Con Law - Fall 2002 - Shiffrin - Constitutional Law,...

Info iconThis preview shows pages 1–2. Sign up to view the full content.

View Full Document Right Arrow Icon
Constitutional Law, Strategic Shortline Fall 2002 Prof. Shiffrin Rights I. Due Process: A Is there a fundamental due process liberty right? 1. Economic v. social. (Why treat different, legislative expert., const. view Holmes Lochner dissent) 2. Substantive Due Process Rights protected (Some of) first eight amendments Strict Scrutiny Privacy/contraception/bedroom, Griswald , Eisenstadt broadens: “free from intrusion into matters so fundamental affecting decisions to bear/beget children”) Strict Scrutiny Abortion (Roe, Casey ) Strict Scrutiny, law cannot be “undue burden” (parental consent OK, 24-hour wait a “particular burden” to out of state women not “undue,” spousal notification not OK) Family. childrearing? (Pierce (private schools) and Meyer (German teaching), Troxel (protection from visitation) mid-level “fundamental right for care, custody and control of children… special weight to parent’s determinations.” Quillon v. Walcott step-family included if in best interests, concur: “full recognition to family unit in exist.”) Marriage, Loving v. VA , Zobloki v. Rehail – laws need “sufficiently important state interests” but if not “significantly interfere” no need for scrutiny. Califano v. Jobst (upholds SS benefit denial, doesn’t interfere w/marriage right but Boddie v. CT inv. state refusal of divorce w/out $60 fee). Living with relatives, Moore v. East Cleveland . “important to legitimate interest” 3. Not fundamental rights Living with non-relatives (Belle Terre v. Boraas ) Gay sex (Bowers v. Hardwick ) Right to Die (Glucksberg , but O’Connor concur: maybe right to refuse med. treatment, Cruzan ,) privacy (“no grievous threat to privacy” Whalen v. Roe ) 4. New fundamental right? deeply-rooted in the nations traditions and a careful description (Glucksberg ) Is it historically deeply rooted traditions? Evolving traditions? laws on the books in 1868? current practice? common law, legal traditions? Level of abstraction of “tradition” (Scalia, Michael H. “most specific level of the relevant tradition either denying or protecting”) and “careful description,” (Glucksberg ) construe narrowly or broadly as justices see fit. (Bowers “homosexual sodomy” v. Glucksberg “suicide right” not “terminate end of life.”) (Casey argues against “most specific level,”) Hesitation to discover rights that might “place the matter outside of the arena of public debate and legislative action.” Glucksberg Implicit with enumerated right, penumbras (not explicitly used since Griswald ) Autonomy – “choices central to human dignity and autonomy” Casey , Glucksberg /Cruzan Alternative reasoning – reasoned judgment (Casey ), Souter weighing of interests (Glucksberg ), importance in peoples lives (Marshall dissent Dandridge ) importance, institutional concerns, political considerations (not enunciated)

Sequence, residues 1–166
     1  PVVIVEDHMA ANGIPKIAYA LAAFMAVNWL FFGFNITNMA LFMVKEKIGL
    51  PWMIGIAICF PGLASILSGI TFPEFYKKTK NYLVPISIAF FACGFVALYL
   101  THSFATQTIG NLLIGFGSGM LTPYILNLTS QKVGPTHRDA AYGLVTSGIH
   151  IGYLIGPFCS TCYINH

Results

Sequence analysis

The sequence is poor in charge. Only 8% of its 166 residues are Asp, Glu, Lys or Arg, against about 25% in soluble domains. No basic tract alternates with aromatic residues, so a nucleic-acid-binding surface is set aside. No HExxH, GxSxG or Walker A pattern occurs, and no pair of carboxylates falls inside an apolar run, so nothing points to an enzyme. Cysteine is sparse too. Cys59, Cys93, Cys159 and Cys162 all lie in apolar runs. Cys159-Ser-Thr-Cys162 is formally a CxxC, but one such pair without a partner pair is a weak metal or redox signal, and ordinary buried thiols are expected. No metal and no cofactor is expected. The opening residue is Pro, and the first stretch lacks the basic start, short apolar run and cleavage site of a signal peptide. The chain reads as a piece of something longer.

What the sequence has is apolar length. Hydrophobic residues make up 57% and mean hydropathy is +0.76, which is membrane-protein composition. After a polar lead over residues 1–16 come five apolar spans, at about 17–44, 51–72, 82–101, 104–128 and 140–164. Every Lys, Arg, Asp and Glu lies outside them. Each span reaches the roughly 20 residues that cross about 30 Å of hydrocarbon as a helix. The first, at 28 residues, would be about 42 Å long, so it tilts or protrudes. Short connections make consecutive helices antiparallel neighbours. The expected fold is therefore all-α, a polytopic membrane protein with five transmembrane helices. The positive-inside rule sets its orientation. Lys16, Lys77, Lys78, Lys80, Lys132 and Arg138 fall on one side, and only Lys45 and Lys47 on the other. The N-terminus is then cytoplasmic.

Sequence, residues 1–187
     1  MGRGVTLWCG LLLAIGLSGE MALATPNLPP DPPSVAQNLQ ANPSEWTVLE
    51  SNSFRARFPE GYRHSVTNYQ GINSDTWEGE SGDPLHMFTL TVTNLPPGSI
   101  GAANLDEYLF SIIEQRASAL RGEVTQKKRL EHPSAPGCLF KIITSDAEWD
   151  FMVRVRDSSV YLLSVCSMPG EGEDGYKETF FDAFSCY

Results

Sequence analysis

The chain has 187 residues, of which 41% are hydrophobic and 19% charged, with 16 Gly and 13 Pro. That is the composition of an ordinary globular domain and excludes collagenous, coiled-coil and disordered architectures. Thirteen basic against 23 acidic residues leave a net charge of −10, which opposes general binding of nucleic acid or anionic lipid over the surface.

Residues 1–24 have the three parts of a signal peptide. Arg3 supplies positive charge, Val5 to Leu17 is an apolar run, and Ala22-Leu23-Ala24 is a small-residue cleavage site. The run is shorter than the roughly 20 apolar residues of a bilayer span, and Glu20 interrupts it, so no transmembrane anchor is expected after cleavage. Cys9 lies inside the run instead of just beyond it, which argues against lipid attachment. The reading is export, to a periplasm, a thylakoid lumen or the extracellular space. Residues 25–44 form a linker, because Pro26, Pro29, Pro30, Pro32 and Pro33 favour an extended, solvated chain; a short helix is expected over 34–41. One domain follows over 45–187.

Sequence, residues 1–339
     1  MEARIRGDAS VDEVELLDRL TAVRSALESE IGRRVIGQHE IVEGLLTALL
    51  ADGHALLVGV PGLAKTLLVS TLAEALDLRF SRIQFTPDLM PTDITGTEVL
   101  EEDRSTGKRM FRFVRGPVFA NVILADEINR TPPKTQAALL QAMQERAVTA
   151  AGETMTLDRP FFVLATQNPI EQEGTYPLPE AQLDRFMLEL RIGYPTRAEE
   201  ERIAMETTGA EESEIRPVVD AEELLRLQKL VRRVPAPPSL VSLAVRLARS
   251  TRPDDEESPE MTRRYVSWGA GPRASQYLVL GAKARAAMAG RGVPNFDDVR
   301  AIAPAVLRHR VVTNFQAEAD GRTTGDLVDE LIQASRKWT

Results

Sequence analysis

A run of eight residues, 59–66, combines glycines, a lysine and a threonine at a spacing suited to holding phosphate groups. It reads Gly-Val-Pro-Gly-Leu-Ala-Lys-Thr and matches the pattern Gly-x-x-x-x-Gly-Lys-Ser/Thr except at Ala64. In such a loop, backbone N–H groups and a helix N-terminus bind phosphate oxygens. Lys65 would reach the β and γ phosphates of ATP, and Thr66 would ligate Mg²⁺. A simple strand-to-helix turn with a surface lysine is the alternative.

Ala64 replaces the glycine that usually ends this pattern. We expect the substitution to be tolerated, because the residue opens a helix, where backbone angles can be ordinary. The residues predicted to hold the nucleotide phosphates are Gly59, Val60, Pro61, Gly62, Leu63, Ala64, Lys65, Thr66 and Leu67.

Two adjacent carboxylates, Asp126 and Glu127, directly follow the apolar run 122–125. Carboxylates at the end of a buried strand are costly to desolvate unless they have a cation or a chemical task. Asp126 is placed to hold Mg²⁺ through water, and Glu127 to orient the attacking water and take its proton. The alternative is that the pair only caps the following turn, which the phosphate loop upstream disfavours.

Background image of page 1

Info iconThis preview has intentionally blurred sections. Sign up to view the full version.

View Full DocumentRight Arrow Icon
Image of page 2
This is the end of the preview. Sign up to access the rest of the document.

This note was uploaded on 04/26/2008 for the course LAW conlaw taught by Professor Meyler during the Fall '05 term at Cornell University (Engineering School).

Page1 / 7

Con Law - Fall 2002 - Shiffrin - Constitutional Law,...

This preview shows document pages 1 - 2. Sign up to view the full document.

View Full Document Right Arrow Icon
Ask a homework question - tutors are online